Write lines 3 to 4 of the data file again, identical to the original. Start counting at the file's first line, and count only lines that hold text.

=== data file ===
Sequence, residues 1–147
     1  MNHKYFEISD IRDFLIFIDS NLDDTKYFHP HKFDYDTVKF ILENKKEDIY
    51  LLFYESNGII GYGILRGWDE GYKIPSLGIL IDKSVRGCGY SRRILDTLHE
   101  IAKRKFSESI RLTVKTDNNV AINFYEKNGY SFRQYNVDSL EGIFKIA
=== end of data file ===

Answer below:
    51  LLFYESNGII GYGILRGWDE GYKIPSLGIL IDKSVRGCGY SRRILDTLHE
   101  IAKRKFSESI RLTVKTDNNV AINFYEKNGY SFRQYNVDSL EGIFKIA